This is Father Jared Cramer from St. John’s Episcopal Church in Grand Haven, Michigan, here with today’s edition of Christian Mythbusters, a regular segment I offer to counter some common misconceptions about the Christian faith.
I know many of you, similar to me, likely enjoyed the traditional three-day weekend which ends summer each year. I’m always struck, though, that despite the common (and important!) refrain to “remember the reason” for the Memorial Day holiday each year, there is rarely a similar call for Labor Day.
I also know that it may be strange, to sum, for a priest to have much of an opinion on Labor Day, given that labor relations are largely seen these days as a purely secular concern. But I think the reason and origins behind Labor Day actually touch on deeply theological concerns, concerns that are particularly pressing given the decline of labor unions in our own time.
Many of the roots of the labor movement can be found in Christianity itself. Beginning in the late 18th century and running to the mid 19th century, the Clapham sect in the Church of England (the mother church of my own denomination) was active in calls for social reform. The best-known member of the group was the evangelical Anglican, William Wilberforce. Their denunciations against the slave trade were one of the strongest forces that led to its end.
With the rise of industrialization in the 19th century, there was a corresponding rise of a formal Labor Movement which advocated for workers in the new industrialized world. Whether their politics were conservative or liberal, many Christian theologians and pastors found themselves aligned with the concerns of the labor movement.
In an early twentieth-century edition of Biblical World (one of the earlier names of the Journal of Religion, which is still published today by the University of Chicago Press), a theologian wrote, “The ‘workingman’ is first of all just a man, and his power to produce commodities is not the object of his existence.” A person’s value cannot be determined by the goods they produce, their existence has much deeper meaning than this. Christian virtues, like the importance of the Sabbath in Judaism, began to be brought to bear on an increasingly industrialized world, with Christians insisting that every person should have a day of rest.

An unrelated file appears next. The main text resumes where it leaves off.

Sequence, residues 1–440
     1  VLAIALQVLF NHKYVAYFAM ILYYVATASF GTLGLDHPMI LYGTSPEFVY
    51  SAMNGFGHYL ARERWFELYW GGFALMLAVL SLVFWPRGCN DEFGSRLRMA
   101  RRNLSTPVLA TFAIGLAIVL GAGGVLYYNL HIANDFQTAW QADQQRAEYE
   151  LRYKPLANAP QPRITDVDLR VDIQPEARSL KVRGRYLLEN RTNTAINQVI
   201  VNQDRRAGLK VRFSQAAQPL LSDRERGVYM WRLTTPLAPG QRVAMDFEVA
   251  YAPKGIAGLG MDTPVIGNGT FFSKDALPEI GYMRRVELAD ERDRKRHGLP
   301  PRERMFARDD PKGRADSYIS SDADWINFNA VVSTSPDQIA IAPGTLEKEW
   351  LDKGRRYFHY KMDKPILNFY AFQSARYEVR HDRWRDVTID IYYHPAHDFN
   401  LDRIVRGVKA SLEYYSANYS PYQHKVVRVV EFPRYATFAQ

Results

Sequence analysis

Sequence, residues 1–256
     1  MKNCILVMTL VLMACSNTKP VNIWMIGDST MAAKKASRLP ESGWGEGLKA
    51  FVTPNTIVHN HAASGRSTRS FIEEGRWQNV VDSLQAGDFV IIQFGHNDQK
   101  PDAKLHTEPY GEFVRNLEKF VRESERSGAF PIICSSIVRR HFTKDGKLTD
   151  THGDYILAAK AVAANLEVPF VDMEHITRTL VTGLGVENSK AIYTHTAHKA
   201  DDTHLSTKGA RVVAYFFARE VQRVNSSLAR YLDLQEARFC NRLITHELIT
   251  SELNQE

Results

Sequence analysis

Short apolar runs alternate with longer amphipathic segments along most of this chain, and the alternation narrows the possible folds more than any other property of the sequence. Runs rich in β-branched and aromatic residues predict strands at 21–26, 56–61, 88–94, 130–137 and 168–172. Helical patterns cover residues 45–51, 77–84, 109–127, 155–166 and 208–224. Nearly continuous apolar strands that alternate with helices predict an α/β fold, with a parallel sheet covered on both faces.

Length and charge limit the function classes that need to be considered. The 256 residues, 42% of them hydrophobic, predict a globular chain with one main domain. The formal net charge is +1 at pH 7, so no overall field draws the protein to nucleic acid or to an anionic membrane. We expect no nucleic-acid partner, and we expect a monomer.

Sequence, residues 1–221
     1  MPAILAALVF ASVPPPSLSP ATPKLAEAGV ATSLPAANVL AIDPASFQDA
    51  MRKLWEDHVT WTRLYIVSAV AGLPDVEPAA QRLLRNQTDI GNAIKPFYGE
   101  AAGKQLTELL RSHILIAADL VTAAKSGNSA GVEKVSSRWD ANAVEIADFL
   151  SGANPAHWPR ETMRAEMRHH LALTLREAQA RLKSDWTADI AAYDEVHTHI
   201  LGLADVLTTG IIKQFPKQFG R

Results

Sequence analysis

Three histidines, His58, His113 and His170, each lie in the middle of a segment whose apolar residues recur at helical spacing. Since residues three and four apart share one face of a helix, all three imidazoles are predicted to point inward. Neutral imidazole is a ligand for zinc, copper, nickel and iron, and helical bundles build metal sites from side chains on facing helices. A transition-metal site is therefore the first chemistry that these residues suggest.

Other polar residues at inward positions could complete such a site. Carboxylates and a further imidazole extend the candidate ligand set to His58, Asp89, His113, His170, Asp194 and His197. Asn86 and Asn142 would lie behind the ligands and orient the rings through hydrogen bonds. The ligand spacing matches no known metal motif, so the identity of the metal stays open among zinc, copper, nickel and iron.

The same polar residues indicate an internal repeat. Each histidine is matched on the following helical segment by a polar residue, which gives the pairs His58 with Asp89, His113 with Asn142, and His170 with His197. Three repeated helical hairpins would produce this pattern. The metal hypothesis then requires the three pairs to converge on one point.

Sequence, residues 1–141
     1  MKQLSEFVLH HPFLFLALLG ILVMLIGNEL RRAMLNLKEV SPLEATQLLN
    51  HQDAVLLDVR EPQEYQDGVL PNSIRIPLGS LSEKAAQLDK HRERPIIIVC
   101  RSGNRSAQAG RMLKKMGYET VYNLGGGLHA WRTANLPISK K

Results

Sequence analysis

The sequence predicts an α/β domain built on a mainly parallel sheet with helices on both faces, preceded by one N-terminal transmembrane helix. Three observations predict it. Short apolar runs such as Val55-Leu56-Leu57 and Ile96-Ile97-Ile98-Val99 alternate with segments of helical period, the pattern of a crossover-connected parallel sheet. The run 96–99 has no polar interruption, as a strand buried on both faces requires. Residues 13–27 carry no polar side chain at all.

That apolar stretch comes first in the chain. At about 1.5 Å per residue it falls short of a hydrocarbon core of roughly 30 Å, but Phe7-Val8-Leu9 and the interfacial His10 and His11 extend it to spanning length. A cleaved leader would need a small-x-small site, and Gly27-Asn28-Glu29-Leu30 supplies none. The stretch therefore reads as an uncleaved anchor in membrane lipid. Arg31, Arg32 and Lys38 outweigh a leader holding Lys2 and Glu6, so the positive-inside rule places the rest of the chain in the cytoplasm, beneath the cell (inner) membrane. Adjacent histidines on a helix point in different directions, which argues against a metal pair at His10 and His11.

Around the same time, in the early twentieth century, the Federal Council of Churches, which included the Anglican, Baptist, Orthodox, Lutheran, Methodist, Moravian, Catholic, Presbyterian, and Reformed traditions of Christianity, adopted something called the Social Creed of the Churches, giving their own support and commitment to responding to these issues. The Social Creed they adopted expressed these convictions:
- For equal rights and complete justice for all men in all stations of life.
- For the principles of conciliation and arbitration in industrial dissensions.
- For the protection of the worker from dangerous machinery, occupational diseases, injuries, and mortality.
- For the abolition of child labor.
- For such regulation of the conditions of labor for women as shall safeguard the physical and moral health of the community.
- For the suppression of the “sweating system.”
- For the gradual and reasonable reduction of the hours of labor to the lowest practical point, with work for all; and for that degree of leisure for all which is the condition of the highest human life.
- For a release from employment one day in seven.
- For a living wage in every industry.
- For the highest wage that each industry can afford, and for the most equitable division of the products of industry that can ultimately be devised.
- For the recognition of the Golden Rule and the mind of Christ as the supreme law of society and the sure remedy for all social ills.
In our own time, including right here in our community of Grand Haven, we are seeing once more the need for strong advocates for labor. While corporations and executives take in significant profits, they also complain about the difficulty in hiring workers. Something about the experience of the past two years has made many people unwilling to work for wages that cannot produce a reasonable standard of living. It’s not that there is a shortage of labor—it is that companies and businesses have not caught up to the fact that workers will no longer put up with inadequate pay nor the constant demands for work created by technology, where your office is always hidden right there in your mobile device, twenty-four seven.
We can set partisan politics aside, I hope, and agree as Christians that the inherent dignity of every human being means we should be concerned with the wages people are being asked to live with, even as corporate funding continues to go up to those at the top.
In our church’s nighttime office of prayers called Compline, there is one prayer that particularly highlights this concern to me and is a meaningful end to the day. It says, “O God, your unfailing providence sustains the world we live in and the life we live: Watch over those, both night and day, who work while others sleep, and grant that we may never forget that our common life depends upon each other’s toil; through Jesus Christ our Lord.”
Indeed, our common life does depend upon each other’s toil. May we learn, not just on Labor Day but always, to respect and honor that more fully.
Thanks for being with me. To find out more about my parish, you can go to sjegh.com. Until next time, remember, protest like Jesus, love recklessly, and live your faith out in a community that accepts you but also challenges you to be better tomorrow than you are today.